Top War Crimes Suspect Arrested In Serbia

Former Bosnian Serb leader Radovan Karadzic, indicted war criminal
Former Bosnian Serb leader Radovan Karadzic, accused architect of massacres making him one of the world's top war crimes fugitives, was arrested on Monday evening in a sweep by Serbian security forces, the country's president and the U.N. tribunal said.

Karadzic is accused of masterminding mass killings that the U.N. war crimes tribunal described as "scenes from hell, written on the darkest pages of human history."

He is accused of organizing the 1995 massacre of 8,000 Muslims in Srebrenica and other atrocities of the Bosnian war.

"I was informed by our colleagues in Belgrade about the successful operation which resulted in the arrest of Radovan Karadzic," the tribunal's head prosecutor, Serge Brammertz, said.

President Boris Tadic's office said Karadzic has been taken before the investigative judge of Serbia's war crimes court.

The fugitive's wife, Ljiljana, told The Associated Press by phone from her home in Karadzic's former stronghold, Pale, near Sarajevo that her daughter Sonja had called her before midnight.

"As the phone rang, I knew something was wrong. I'm shocked. Confused. At least now, we know he is alive," Ljiljana Karadzic said, declining further comment.

Karadzic was indicted on genocide charges in 1995 by the tribunal, and topped the its most-wanted list for more than a decade, allegedly resorting to elaborate disguises to elude authorities.

Serbia has been under heavy pressure from the European Union to turn over suspects to the international tribunal.

Tadic's office said in a statement that Karadzic was arrested "in an action by the Serbian security services."

The White House praised the Serbian government for cooperating with the international tribunal.

"This operation is an important demonstration of the Serbian Government's determination to honor its commitment to cooperate with the International Criminal Tribunal for the former Yugoslavia," said White House Press Secretary Dana Perino. "The timing of the arrest, only days after the commemoration of the massacre of over 7,000 Bosnians in Srebrenica, is particularly appropriate, as there is no better tribute to the victims of the war's atrocities than bringing their perpetrators to justice."

If Karadzic is extradited to the tribunal in The Hague, he would be the 44th Serb suspect extradited to the tribunal. The others include former President Slobodan Milosevic, who was ousted in 2000 and died in 2006 while on trial on war crimes charges.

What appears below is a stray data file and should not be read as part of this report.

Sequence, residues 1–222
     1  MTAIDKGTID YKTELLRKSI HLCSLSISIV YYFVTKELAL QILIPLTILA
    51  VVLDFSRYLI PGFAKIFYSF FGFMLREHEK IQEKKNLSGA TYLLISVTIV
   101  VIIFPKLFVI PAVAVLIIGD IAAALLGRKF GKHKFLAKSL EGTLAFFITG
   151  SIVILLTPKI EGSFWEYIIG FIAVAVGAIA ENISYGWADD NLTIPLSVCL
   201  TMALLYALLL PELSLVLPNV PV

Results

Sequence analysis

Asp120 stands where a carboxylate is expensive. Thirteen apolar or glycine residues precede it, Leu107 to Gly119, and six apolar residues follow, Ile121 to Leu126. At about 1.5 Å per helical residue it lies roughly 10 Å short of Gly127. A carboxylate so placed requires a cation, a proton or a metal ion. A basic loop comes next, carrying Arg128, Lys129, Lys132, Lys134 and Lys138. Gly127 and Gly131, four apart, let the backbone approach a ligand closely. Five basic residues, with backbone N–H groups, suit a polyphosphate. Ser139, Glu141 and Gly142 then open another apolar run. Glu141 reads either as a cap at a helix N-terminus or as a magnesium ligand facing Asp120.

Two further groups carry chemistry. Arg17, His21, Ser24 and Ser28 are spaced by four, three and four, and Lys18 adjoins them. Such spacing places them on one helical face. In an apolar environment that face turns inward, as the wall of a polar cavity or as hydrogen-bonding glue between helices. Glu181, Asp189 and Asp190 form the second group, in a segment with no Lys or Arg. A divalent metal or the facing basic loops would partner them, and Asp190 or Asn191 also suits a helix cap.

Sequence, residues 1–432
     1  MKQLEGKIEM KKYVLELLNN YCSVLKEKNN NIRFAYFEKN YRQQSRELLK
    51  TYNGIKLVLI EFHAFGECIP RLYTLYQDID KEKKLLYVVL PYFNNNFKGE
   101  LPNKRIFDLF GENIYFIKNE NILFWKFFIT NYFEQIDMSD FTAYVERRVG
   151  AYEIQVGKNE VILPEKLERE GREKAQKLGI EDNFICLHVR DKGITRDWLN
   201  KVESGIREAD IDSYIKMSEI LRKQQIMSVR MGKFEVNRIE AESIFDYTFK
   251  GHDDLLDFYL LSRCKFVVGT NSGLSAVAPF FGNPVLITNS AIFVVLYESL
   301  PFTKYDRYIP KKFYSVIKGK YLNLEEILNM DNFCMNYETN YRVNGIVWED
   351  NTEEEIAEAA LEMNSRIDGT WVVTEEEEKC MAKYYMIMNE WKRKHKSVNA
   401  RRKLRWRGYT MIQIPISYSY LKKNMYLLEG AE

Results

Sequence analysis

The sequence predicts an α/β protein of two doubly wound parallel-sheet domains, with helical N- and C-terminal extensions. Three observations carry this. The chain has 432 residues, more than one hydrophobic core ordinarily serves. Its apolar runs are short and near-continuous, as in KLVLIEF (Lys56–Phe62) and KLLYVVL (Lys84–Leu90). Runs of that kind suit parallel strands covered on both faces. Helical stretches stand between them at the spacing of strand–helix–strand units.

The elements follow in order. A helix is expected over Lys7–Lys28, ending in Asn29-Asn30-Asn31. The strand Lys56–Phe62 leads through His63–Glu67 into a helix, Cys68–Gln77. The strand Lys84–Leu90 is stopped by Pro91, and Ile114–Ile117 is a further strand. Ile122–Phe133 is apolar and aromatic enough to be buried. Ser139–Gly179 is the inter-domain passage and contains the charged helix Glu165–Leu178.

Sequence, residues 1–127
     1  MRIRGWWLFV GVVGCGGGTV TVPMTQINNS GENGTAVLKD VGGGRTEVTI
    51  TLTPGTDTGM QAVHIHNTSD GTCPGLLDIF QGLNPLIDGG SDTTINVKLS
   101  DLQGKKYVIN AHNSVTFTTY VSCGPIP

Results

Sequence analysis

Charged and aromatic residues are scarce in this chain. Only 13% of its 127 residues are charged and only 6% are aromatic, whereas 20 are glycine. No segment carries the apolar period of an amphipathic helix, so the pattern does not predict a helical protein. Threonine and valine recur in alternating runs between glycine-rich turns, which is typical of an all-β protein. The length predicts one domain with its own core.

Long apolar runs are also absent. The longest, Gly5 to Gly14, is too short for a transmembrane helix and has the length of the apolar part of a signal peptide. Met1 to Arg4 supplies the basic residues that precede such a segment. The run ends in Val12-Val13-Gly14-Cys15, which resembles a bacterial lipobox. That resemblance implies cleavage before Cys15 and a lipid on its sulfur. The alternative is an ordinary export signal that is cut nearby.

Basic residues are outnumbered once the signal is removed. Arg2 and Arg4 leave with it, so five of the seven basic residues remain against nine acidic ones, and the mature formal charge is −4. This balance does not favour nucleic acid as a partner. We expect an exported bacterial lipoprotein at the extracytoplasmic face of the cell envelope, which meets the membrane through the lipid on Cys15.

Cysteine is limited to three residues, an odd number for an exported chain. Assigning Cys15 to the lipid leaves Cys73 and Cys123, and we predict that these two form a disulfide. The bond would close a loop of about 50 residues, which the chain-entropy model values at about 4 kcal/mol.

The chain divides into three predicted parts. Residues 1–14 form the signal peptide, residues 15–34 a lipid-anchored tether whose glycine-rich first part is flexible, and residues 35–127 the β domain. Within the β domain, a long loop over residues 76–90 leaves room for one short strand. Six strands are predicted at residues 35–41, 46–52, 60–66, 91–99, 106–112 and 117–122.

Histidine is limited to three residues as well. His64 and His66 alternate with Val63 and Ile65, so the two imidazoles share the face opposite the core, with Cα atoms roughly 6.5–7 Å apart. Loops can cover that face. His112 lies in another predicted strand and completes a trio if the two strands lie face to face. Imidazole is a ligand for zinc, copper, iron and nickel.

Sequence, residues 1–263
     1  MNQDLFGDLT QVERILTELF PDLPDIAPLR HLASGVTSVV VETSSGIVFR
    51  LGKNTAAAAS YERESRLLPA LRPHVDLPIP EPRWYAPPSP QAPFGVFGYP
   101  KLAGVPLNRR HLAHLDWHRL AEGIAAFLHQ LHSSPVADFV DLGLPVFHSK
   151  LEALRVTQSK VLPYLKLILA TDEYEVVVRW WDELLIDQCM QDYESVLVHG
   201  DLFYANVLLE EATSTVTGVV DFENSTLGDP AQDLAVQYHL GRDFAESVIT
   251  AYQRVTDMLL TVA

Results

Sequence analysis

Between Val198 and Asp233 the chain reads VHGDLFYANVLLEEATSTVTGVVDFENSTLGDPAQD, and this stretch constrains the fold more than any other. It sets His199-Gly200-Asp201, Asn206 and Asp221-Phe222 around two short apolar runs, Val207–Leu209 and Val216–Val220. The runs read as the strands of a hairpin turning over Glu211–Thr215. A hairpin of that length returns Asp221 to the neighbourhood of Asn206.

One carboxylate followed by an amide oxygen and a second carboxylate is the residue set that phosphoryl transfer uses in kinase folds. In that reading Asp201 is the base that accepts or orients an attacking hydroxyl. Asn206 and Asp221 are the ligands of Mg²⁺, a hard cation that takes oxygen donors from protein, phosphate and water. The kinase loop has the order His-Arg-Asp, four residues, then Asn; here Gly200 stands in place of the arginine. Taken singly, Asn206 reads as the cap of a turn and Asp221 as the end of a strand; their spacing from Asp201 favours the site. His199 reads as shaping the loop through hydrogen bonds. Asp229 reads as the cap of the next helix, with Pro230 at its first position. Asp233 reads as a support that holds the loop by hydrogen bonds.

"This is a very important day for the victims who have waited for this arrest for over a decade. It is also an important day for international justice because it clearly demonstrates that nobody is beyond the reach of the law and that sooner or later all fugitives will be brought to justice," Brammertz said.

The European Union said the arrest "illustrates the commitment of the new Belgrade government to contributing to peace and stability in the Balkans region."

A statement from the EU presidency, currently held by France, said the arrest was "an important step on the path to the rapprochement of Serbia with the European Union."

Karadzic has been a fugitive since he was indicted in July 1995. Charges against him include genocide, murder, inhumane acts, and other crimes committed during the 1992-1995 war.

His indictment alleges that he, acting together with others, committed the crimes to secure control of areas of Bosnia which had been proclaimed part of the "Serbian Republic" and significantly reducing its non-Serb population.

Karadzic's reported hide-outs included Serbian Orthodox monasteries and refurbished mountain caves in remote eastern Bosnia. Some newspaper reports said he had at times disguised himself as a priest by shaving off his trademark silver mane and donning a brown cassock.

As leader of Bosnia's Serbs, Karadzic hobnobbed with international negotiators and his interviews were top news items during the 3½-year Bosnian war, set off when a government dominated by Slavic Muslims and Croats declared independence from Yugoslavia in 1992.

But his life changed by the time the war ended in late 1995 with an estimated 250,000 people dead and another 1.8 million driven from their homes. He was indicted twice by the U.N. tribunal on genocide charges stemming from his alleged crimes against Bosnia's Muslims and Croats.

Under the indictment, last amended in May 2000, the U.N. war crimes tribunal charged former Bosnian Serb leader Radovan Karadzic with 15 counts of genocide, war crimes, crimes against humanity and other atrocities committed between 1992 to 1996.

Those counts include six counts of genocide and complicity in genocide; two counts of crimes against humanity and two counts of deportations and other inhumane acts; and one count each of persecution, inflicting terror on civilians, taking hostages, violating laws of war and gravely breaching the Geneva Conventions

Last month, Serb authorities turned over to The Hague ex-Bosnian Serb police chief, Stojan Zupljanin, who was arrested in the town of Pancevo after nine years on the run.

On Monday, Zupljanin pleaded innocent to 12 charges of murder, torture and persecution of Bosnian Muslims and Croats in 1992. Zupljanin was charged with war crimes for allegedly overseeing Serb-run prison camps where thousands of Muslims and Croats were killed during the 1992-95 war in Bosnia.